Portland to launch new program that allows drug offenders option - KPTV - FOX 12

Portland to launch new program that allows drug offenders option for treatment

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Multnomah County District Attorney Rod Underhill (KPTV) Multnomah County District Attorney Rod Underhill (KPTV)

Multnomah County's top cop is pushing a kinder, gentler approach to Portland's drug problem.

District Attorney Rod Underhill is preparing to launch the city's new LEAD program, which stands for Law Enforcement Assisted Diversion.

The program is modeled after a program with the same name that was implemented in Seattle in 2011, and has yielded positive results.

Under the new policy, police officers making a drug-related arrest would be able to give low-level offenders the option of being taken to treatment instead of jail.

"It's a diversion premise that's much more upstream," said Underhill.

Meredith Meacham, a recovering addict and peer mentor with DePaul Treatment services, said the option of treatment before incarceration could make a big difference in the lives of those struggling with addiction.

"Getting the opportunity to change and to actually do something productive as a consequence of using instead of just having it be criminalized and doing time I think is an amazing option," said Meacham.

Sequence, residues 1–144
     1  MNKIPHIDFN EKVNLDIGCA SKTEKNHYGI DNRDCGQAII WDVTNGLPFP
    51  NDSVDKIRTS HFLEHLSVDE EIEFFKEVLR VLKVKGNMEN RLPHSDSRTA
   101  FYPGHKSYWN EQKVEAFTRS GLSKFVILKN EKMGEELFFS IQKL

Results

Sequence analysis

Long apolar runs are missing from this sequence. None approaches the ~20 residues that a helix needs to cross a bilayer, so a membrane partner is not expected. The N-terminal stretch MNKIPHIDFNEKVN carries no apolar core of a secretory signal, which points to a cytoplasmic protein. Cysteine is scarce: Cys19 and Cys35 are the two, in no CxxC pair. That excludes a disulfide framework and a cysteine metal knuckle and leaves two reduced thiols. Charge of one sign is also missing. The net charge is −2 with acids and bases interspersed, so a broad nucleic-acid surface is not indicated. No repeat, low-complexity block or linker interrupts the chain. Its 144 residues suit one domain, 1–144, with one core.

Meacham said she was addicted to methamphetamine for several years, and was in and out of jail several times without an option for addiction treatment. She finally entered a treatment program while serving time at the Coffee Creek Correction Facility, and has been clean and sober for six years.

"I thought I was going to die out there. I thought I deserved to die out there," said Meacham. "And what happened is I got clean and I'm working on my master's degree now."

A study of Seattle's LEAD program conducted by researchers at the University of Washington followed roughly 200 people who participated in the program and compared them with 100 other people who were arrested and prosecuted as usual. 

The study found LEAD participants were up to 60 percent less likely to be re-arrested.

Underhill said he has secured a million dollars in funding from Multnomah County Commissioners, and hopes to have the program up and running by the first of the year.

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